Parents may be returning to work, but early education teachers aren’t.
As the job market and economy inches toward normalcy, even in hard-hit sectors such as food service and tourism, child care centers are struggling to make ends meet. Rep. Vance Aloupis and Children’s Nest Day Schools President Tripp Crouch said that should worry business leaders and lawmakers as much as it does parents.
“If the pandemic showed us anything, it shows that early learning is also about the worker. So, as we saw in my community, 85% of child care centers closed their doors across Miami-Dade County at the height of the pandemic, leaving moms and dads struggling to find (a) place to put their children so that they can be on the frontlines fighting COVID. And the challenges have only increased,” Aloupis told the crowd at the Florida Chamber’s Future of Florida Forum.
Crouch said the biggest challenge is finding teachers to put in classrooms. He compared the industry’s business model to commercial airlines — the first 100 seats cover the cost of the flight, and the last 20 are where they turn a profit.
Classrooms that had 10 or 11 children pre-pandemic now have seven or eight because of staffing issues.
“That’s all the margins our industry has,” he said.
Aloupis, a Miami Republican who chairs the House Early Learning & Elementary Education Subcommittee, stressed that these employees are teachers who are not being paid a wage commensurate with their responsibilities.
“I say that very intensely because these are teachers — they are not babysitters, they are not day care workers. These are teachers,” he said. “I want to see anyone in this room spend 12 hours a day with 18 4-year-olds. Think about it. These are angels on earth.
“The reality is this: the rate for paying these teachers is somewhere between $11 and $12 an hour across the state. So, people are literally looking down the street and seeing that Chick-fil-A is paying $17 an hour, paying for your college, paying for all these benefits. And they’re having to make an economic decision, saying ‘I really want to go to the classroom, I really want to be an educator, but financially I can’t do it.”
The end result for the typical child care facility is a mile-long waiting list of families hoping to get their kids into the classroom.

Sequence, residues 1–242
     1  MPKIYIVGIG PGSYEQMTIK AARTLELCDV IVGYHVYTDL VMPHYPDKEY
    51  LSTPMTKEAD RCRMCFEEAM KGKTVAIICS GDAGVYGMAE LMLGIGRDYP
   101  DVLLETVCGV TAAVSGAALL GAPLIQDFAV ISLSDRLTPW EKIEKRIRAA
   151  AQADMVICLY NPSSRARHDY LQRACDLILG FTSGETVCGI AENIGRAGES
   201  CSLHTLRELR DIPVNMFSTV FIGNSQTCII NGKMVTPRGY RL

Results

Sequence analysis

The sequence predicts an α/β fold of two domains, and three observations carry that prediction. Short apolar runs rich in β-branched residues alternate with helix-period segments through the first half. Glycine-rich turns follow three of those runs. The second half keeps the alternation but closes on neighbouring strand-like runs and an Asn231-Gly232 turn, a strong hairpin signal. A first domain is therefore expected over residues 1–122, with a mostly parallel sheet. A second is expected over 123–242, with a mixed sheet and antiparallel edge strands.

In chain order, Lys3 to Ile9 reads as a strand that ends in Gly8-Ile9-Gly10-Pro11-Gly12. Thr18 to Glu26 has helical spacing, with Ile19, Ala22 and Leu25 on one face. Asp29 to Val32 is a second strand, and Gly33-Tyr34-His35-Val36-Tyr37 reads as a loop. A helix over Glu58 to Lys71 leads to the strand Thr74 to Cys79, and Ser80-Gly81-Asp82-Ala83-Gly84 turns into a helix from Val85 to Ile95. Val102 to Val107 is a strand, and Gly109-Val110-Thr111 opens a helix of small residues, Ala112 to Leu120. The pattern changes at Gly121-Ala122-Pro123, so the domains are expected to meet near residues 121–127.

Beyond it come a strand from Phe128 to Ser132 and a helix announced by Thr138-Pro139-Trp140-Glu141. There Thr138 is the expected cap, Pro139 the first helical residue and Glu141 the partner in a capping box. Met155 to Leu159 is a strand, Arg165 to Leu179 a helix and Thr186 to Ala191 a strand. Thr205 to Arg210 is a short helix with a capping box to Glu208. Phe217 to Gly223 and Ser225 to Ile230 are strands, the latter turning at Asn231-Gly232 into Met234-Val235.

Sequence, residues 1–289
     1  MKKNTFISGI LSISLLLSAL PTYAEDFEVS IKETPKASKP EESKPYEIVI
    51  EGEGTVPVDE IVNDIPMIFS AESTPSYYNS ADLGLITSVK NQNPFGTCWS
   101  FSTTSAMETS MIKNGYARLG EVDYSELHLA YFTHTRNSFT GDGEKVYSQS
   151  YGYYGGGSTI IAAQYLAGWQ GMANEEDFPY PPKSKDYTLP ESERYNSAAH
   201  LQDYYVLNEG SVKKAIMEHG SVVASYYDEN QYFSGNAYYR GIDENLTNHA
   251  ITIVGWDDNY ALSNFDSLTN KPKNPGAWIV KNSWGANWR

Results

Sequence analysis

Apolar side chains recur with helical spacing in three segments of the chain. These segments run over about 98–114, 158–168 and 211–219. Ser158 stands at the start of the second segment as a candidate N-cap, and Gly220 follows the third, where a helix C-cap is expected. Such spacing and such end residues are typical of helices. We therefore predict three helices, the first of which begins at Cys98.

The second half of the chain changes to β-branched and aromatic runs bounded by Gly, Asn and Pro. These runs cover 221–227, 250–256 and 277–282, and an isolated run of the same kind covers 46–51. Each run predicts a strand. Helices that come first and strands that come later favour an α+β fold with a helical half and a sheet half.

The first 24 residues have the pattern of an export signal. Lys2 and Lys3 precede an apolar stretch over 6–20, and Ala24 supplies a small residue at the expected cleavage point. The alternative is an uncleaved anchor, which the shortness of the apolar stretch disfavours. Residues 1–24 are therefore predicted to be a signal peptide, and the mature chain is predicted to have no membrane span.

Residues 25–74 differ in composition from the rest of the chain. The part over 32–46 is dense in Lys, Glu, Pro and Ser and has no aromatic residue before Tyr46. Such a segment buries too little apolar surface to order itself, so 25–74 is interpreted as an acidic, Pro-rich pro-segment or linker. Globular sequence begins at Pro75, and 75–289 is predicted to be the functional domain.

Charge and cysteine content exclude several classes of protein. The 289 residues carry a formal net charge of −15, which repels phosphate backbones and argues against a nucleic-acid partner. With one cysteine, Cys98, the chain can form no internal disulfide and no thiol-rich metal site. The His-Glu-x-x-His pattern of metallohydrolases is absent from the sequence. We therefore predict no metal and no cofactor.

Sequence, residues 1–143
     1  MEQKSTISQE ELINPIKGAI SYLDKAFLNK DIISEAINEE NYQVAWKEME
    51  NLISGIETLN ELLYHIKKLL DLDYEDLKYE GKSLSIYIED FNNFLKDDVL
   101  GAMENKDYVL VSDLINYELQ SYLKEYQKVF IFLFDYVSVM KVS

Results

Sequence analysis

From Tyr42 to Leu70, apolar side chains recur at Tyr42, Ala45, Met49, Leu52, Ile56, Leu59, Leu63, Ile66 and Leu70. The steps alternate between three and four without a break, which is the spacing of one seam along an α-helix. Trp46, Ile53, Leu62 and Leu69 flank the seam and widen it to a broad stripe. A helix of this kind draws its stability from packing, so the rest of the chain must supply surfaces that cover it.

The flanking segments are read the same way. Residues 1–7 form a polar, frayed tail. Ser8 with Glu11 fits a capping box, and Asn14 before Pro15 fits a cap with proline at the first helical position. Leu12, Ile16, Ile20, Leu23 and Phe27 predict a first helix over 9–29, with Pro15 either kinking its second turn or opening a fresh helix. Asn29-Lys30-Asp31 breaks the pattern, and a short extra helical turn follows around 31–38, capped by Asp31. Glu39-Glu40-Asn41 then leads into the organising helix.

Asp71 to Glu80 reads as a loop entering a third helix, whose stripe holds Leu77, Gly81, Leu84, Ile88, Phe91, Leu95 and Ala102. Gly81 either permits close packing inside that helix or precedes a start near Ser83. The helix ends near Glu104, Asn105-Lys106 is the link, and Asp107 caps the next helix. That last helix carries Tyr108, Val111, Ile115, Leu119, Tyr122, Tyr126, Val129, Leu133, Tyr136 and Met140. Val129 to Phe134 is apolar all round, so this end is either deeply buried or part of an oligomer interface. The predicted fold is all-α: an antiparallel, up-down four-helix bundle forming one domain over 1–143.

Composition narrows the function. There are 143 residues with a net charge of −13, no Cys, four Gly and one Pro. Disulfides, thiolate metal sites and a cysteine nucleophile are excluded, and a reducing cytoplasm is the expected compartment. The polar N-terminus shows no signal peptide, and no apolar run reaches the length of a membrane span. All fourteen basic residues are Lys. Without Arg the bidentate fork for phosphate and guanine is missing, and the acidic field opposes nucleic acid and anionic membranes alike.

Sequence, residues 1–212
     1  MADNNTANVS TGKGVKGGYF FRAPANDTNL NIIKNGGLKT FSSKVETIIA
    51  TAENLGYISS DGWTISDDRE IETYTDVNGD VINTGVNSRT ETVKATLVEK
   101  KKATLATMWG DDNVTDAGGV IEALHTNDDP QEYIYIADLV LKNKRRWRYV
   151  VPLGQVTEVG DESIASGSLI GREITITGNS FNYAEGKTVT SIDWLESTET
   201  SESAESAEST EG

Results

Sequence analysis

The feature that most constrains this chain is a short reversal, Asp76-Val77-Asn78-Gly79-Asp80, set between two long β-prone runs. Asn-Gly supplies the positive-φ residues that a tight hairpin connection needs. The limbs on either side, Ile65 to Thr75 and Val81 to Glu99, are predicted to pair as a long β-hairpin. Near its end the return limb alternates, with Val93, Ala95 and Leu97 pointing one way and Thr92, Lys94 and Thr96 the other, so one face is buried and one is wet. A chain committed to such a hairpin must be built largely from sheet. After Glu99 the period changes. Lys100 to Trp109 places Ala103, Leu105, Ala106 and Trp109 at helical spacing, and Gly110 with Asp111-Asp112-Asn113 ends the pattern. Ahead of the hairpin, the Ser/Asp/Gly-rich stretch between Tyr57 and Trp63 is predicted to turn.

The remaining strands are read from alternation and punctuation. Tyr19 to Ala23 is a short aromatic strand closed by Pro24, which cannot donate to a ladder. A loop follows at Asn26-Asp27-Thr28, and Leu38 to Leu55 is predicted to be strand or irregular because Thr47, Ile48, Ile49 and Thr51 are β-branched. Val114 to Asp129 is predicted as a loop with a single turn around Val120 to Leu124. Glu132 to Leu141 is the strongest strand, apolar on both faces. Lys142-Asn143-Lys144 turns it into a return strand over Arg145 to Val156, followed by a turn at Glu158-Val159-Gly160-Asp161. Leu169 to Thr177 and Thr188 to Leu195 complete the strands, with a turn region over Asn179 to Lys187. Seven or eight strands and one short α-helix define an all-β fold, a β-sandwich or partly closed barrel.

“Teachers in my industry aren’t paid enough and it’s something we’ve got to address. It’s something we had to address pre-pandemic. But I think with the school closures and the shrinkage in demand (from the pandemic) these teachers left our industry (and) are simply not coming back,” he said.
The teachers who have stuck around are “working extra hours, skipping breaks, they’re taking on extra shifts. They’re doing a fantastic job,” he said. “But those last few percent, our industry has to find a way to attract new people to fill the demand and get people back to work.”
Aloupis, who also leads the nonprofit Children’s Movement of Florida, pitted the teacher shortage against the equally dire workforce troubles in state prisons. There are hundreds of unfilled positions in state corrections facilities because the industry cannot find the staff to fill those jobs. Aloupis said he asked the board at Florida State Prison in Raiford what investments the state could make to ensure fewer people end up behind bars. The answer, he said, was funding for early childhood education.
“If we can’t figure out the labor shortage issue in your industry,” Aloupis said to Crouch, “then the rest of the industries cannot operate the way that they should.”
Crouch agreed, and implored business leaders in attendance to keep the challenges facing the child care industry top of mind — even if only to empathize with their employees.
“I’ve had many, many talks with my parents. And I’ve given them letters to take to their work and say ‘listen, the school that my kids have been at for three years — he loves his teachers and we love the school and we want to stay there — but I can’t be at work at 7 o’clock because they don’t open until 7 o’clock.’ So I would ask business leaders to be flexible with your staff and your employees,” he said.
Aloupis also urged flexibility and asked employers to think long-term.
“If you don’t think about this issue today as something that’s going to impact your bottom line in 15 years, heaven help you,” he said.